TOPEKA, Kan. (AP) -- The Kansas Department of Education is asking school districts how extensively they're teaching cursive handwriting.
Results of a survey will be presented to the state Board of Education at a meeting this week in Topeka.
Schools around the country are spending less time on handwriting instruction as students do more of their work on computers. Experts say students accustomed to writing on computers at home have a hard time seeing the relevance of spending hours practicing handwriting.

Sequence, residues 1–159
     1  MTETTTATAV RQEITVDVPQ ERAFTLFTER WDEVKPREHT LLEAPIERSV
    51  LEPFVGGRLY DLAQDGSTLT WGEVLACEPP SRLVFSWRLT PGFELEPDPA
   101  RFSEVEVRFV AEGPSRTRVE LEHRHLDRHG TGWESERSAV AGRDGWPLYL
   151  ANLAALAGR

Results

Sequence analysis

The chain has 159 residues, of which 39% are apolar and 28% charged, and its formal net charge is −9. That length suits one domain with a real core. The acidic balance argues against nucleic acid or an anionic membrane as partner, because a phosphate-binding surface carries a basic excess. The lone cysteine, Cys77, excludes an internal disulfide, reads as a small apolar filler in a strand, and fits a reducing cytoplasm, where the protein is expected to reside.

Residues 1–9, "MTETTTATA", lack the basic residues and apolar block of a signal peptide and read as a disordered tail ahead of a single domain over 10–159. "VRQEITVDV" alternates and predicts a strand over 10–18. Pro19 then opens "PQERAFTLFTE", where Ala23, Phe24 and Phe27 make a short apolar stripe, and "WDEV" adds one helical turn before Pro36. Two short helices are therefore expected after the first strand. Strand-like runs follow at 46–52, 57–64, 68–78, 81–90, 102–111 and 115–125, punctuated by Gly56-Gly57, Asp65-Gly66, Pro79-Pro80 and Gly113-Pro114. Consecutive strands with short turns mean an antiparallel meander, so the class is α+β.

But the National Association of State Boards of Education wrote in a September policy update that there are benefits. The association says handwriting is a basic skill that can help students in reading, writing, language use and critical thinking.